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Supreme Court allows Boy Scouts bankruptcy plan to proceed

The U.S. Supreme Court is allowing the Boy Scouts of America’s $2.4 billion bankruptcy settlement to proceed after decades of sexual abuse allegations.

The court lifted a temporary pause imposed by an appeal by more than 100 former Boy Scouts who opposed the agreement, Reuters reported.

Justice Samuel Alito temporarily paused the settlement last week, allowing the court more time to decide the request to block the settlement from going forward. The decision Thursday overrides Alito’s pause.

Last March, a District Court in Delaware rejected arguments that the more than $2 billion bankruptcy plan for the organization wasn’t proposed in good faith.

More than 80,000 men have filed claims with the Texas-based organization, saying they were abused as children by leaders all across the country.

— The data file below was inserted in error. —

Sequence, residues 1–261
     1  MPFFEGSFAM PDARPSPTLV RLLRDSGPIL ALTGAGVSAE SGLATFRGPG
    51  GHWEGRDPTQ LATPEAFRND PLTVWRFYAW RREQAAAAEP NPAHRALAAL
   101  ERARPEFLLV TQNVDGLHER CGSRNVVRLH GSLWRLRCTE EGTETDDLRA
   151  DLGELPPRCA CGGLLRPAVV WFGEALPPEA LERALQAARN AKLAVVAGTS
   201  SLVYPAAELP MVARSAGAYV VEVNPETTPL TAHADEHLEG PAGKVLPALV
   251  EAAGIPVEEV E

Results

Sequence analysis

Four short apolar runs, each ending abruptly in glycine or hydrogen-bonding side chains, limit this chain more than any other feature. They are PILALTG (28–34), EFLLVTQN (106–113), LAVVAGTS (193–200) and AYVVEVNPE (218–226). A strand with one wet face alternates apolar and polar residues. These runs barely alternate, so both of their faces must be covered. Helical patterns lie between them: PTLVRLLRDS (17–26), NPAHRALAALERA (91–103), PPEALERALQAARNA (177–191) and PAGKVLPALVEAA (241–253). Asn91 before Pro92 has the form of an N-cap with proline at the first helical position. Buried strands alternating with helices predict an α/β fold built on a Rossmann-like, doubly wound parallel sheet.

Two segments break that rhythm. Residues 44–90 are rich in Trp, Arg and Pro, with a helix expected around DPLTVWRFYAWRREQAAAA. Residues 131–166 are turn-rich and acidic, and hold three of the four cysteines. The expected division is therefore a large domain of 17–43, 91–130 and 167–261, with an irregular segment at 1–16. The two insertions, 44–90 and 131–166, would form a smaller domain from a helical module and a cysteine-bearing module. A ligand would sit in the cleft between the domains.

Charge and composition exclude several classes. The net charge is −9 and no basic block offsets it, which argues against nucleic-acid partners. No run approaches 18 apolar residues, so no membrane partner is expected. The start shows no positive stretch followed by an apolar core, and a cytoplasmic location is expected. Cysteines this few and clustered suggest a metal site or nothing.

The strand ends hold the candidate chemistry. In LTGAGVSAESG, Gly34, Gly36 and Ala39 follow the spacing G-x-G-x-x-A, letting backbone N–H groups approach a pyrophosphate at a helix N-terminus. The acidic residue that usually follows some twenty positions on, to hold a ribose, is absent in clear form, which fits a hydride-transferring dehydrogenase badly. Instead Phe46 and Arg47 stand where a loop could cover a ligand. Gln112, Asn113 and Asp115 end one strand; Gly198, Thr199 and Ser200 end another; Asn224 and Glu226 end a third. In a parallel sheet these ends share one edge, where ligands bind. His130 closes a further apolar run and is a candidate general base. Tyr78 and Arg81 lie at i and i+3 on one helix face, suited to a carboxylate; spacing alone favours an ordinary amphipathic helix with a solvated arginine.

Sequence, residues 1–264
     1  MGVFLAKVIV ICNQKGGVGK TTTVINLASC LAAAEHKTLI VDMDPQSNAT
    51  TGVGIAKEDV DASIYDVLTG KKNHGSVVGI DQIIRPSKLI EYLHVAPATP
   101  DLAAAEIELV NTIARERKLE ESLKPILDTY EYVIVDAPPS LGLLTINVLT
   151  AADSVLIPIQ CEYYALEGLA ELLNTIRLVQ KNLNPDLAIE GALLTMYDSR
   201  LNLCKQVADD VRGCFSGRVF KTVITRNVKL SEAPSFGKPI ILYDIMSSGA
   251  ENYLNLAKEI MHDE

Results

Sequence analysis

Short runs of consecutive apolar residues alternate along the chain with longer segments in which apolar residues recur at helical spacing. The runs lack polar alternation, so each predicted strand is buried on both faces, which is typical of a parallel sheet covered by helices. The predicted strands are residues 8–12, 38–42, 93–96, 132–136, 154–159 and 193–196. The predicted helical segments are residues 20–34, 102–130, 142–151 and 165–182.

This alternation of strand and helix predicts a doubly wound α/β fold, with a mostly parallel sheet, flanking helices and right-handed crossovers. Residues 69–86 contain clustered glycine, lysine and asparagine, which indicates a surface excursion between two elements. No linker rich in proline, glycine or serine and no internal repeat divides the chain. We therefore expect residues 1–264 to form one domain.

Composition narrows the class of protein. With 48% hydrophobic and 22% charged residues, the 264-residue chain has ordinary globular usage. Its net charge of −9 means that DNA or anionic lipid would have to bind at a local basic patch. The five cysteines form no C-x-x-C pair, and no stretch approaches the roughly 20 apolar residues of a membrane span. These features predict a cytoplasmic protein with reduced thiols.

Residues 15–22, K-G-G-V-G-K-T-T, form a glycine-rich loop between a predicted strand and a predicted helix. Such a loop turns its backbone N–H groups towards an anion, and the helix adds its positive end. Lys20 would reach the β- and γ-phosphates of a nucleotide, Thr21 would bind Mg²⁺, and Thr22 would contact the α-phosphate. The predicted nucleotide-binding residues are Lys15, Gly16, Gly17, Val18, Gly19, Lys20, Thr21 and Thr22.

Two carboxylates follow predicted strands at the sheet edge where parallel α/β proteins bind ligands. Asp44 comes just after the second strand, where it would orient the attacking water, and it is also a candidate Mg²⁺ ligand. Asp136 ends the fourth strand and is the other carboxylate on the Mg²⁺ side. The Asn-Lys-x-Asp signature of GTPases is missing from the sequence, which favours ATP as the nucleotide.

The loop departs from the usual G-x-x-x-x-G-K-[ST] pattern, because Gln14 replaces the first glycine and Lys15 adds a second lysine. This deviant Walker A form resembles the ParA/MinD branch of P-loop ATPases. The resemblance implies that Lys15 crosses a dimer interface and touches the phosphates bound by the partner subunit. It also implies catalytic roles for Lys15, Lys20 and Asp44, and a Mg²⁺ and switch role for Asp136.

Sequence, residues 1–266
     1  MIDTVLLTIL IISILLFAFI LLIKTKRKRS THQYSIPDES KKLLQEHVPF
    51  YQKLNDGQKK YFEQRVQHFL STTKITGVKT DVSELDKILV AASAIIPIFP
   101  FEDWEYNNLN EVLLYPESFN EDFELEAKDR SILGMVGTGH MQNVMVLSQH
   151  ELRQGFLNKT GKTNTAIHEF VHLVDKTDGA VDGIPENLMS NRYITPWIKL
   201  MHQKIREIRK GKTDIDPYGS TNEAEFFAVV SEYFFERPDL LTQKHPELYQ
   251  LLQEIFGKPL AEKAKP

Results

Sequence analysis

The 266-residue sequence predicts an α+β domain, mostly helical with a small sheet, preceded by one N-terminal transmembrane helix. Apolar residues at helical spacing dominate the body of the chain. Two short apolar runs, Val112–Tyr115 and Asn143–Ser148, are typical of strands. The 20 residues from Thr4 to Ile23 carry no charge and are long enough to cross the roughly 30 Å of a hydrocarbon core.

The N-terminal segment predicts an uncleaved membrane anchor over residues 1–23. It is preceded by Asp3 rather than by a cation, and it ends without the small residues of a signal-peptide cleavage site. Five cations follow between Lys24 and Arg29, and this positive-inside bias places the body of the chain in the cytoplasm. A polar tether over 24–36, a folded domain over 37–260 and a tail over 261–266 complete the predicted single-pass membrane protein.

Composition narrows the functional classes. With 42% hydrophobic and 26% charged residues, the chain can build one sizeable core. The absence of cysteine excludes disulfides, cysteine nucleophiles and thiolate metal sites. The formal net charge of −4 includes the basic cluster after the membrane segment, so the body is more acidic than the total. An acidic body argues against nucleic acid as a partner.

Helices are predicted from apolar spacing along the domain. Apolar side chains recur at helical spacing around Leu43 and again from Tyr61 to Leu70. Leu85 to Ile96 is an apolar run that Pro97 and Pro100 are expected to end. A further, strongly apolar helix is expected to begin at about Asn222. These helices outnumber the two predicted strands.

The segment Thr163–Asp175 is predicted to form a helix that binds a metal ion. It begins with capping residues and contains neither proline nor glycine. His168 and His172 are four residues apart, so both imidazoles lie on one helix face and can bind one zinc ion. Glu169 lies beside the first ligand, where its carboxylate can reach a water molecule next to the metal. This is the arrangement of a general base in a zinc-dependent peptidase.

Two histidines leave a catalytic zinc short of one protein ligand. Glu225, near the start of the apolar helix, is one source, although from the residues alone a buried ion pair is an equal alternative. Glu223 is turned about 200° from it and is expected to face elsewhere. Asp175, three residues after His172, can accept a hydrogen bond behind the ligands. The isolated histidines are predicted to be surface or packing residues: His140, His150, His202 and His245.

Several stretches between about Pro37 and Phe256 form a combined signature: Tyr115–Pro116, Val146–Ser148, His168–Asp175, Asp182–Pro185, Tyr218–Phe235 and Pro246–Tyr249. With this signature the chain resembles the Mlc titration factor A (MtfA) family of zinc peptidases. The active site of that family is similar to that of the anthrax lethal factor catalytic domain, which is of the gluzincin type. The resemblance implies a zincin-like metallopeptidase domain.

A federal judge upheld the plan until Alito stepped in. The Boy Scouts of America asked the Supreme Court not to stop the settlement from moving forward and said a delay would affect their ability to continue its programs.

The organization sought bankruptcy protection in February 2020 when it was named in nearly 300 lawsuits.

Most of the men who said they were abused as children have voted to support the settlement in bankruptcy court. But 144 claimants said the deal unlawfully stops them from pursuing lawsuits against organizations that are not bankrupt, like churches that ran scouting programs, local Boy Scouts councils and insurers that provided the organization coverage, Reuters reported.

Gilion Dumas, a lawyer who is representing some of the men who appealed, told the outlet that the Supreme Court’s decision Thursday to allow the settlement to continue does not mean that the appeals will not succeed.

“Getting a Supreme Court stay in a civil case was always a long shot,” he said. “But we wanted to try everything possible to preserve our appeal.”

The 3rd U.S. Circuit of Appeals in Philadelphia will hear the appeal April 9.

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